The fact that electric buses developed and manufactured in Klaipėda have been running and transporting passengers in Klaipėda for more than one year is no longer surprising. However, an electric boat that performed a test sailing a couple of weeks ago is still hot news. And that is the news worth celebrating and being proud of, because the idea of an electric ship was born and realised here, in Klaipėda.
Its designers and builders (from electrical system to design) are KU ship engineering Master’s students Tomas Žapnickas and Evaldas Narušis, a specialist of ship electronics, hydrographer, and presently maintenance engineer of KU research vessel Mintis. The boat was built on the premises of the Marine Research Institute of KU. “Our goal was to create an electric boat and show that it was possible to have a good time on the water – to sail without noise, without the smell and smoke typical of oil-powered boats, without lubricants and without the risk of pollution”, says Tomas Žapnickas.
The boat was built on the hull of a former lifeboat, after its restoration and the development of an electrical control system and design. Its length is 8.5 m, body width is 2.93 m, draft is 0.65 m, electric motor power is 15 kW continuous (30 kW short-term), and battery capacity is 60 kWh. The boat can carry 12 passengers at a time and sail 92 km with one charge.
The shipbuilders have already tested it on the Danė River. “The boat is intended for short-distance voyages. Of course, we can sail to both Juodkrantė and Nida, she will perfectly cover the distance, but on a longer route people will simply lack conveniences”, says Evaldas Narušis.
The shipbuilders say the boat’s image will still change after the winter. After the tests, after lifting it out of the water, the interior will be installed. The team has quite a few ideas on further improvements.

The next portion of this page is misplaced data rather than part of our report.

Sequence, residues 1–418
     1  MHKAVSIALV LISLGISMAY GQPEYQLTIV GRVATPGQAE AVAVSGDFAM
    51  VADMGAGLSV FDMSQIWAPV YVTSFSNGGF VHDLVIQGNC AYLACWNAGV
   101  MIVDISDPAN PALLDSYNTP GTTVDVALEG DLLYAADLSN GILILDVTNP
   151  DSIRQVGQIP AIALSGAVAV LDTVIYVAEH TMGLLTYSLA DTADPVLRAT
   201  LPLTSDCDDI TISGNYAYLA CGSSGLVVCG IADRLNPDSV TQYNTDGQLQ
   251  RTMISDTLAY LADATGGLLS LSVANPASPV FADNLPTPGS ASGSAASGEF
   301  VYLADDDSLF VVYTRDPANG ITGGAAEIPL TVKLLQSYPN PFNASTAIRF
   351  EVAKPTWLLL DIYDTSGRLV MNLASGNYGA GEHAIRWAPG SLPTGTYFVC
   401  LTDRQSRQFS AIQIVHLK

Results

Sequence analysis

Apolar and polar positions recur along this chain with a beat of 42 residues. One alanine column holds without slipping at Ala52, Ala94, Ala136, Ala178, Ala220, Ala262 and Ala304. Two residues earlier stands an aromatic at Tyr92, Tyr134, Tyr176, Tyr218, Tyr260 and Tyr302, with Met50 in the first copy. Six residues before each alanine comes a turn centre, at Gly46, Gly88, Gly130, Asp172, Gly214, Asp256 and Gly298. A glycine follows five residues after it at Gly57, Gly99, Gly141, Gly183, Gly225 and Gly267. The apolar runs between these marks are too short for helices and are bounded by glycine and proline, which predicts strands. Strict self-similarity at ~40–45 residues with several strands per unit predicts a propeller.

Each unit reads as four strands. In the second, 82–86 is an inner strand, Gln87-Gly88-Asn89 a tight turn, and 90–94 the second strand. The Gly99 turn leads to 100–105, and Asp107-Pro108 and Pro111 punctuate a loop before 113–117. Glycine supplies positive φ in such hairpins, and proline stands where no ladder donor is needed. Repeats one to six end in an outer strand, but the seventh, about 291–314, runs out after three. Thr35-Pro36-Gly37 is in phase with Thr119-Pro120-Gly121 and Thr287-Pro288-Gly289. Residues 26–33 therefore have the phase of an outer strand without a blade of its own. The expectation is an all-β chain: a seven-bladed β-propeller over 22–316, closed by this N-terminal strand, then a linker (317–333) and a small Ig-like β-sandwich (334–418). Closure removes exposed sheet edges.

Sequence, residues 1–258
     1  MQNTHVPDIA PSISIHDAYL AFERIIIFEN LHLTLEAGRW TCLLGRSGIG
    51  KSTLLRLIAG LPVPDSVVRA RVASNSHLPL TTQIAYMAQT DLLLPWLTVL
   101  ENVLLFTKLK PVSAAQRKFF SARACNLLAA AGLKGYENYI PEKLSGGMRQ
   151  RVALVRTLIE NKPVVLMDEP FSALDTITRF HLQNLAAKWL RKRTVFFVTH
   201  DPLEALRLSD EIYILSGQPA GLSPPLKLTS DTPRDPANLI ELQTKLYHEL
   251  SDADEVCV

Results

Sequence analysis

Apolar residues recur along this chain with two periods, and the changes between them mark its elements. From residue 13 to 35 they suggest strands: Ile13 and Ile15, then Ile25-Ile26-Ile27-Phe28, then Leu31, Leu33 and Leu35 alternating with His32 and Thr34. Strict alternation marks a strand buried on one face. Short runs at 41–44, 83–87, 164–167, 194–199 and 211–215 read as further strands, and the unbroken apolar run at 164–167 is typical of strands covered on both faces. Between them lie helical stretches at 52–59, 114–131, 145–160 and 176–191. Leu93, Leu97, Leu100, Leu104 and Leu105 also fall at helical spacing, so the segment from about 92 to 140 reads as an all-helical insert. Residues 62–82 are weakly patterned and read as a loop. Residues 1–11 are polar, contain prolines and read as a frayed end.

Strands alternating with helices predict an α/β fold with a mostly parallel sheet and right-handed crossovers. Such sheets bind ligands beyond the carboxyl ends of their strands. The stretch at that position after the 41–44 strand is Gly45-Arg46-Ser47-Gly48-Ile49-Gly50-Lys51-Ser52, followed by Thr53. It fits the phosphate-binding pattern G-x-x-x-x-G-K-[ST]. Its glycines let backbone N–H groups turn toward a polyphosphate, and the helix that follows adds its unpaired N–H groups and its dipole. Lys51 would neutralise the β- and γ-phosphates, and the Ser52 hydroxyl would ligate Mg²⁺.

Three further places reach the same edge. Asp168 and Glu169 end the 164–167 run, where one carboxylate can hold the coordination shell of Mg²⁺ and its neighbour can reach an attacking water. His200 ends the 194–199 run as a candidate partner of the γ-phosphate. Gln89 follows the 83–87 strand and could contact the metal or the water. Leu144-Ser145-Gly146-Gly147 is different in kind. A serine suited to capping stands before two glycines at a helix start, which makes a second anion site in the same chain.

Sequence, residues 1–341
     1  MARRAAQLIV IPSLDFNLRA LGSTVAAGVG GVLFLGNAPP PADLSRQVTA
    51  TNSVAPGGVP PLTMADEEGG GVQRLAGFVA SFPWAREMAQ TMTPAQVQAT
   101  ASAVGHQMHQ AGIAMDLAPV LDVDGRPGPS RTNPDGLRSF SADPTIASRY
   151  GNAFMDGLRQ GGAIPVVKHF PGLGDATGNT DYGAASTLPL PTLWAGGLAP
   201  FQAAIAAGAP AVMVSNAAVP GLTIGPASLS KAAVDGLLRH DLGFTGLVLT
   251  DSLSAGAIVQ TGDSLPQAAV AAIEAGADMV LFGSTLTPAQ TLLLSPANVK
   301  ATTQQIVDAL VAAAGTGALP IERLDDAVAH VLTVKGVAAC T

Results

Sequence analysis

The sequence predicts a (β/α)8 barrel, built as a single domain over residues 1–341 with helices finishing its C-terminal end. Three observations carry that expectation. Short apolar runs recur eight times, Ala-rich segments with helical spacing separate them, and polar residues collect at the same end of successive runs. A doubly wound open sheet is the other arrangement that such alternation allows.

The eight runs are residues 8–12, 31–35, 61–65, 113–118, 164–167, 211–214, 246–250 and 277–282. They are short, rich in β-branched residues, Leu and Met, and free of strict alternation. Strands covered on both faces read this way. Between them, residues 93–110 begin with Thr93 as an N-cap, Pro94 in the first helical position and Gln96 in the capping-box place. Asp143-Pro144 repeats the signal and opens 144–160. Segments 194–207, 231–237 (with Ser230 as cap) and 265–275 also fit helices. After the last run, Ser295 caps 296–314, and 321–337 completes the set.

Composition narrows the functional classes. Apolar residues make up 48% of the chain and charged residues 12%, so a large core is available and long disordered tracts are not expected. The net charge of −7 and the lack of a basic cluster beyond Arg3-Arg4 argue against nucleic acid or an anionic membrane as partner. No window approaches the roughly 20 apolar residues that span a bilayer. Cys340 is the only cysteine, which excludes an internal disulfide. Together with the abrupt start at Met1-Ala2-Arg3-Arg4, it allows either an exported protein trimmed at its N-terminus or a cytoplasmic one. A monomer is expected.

The electric boat, which, incidentally, does not yet have an official name, is one of the outcomes of the joint project ELMAR carried out by Klaipėda University and 10 other partners in Poland, Germany, and Lithuania. The aim of the project is to help small and medium-sized enterprises in the South Baltic to enter the international electricity-powered vessel markets. Klaipedians, having already covered the path from the idea to the final product, are happy to set foot in the world of creators of more environmentally friendly electric water transport.
“KU is part of EU-CONEXUS (European University for Smart Urban Coastal Sustainability), and the researcher attempts to create eco-friendly innovations is one of the University’s priorities. Specialists trained by KU developed an electric bus, and now we have an electric boat. I am proud that we are keeping pace with the world and progress,” said KU Rector prof. dr. Artūras Razbadauskas upon having inspected and evaluated the advantages of the electric boat together with the media representatives.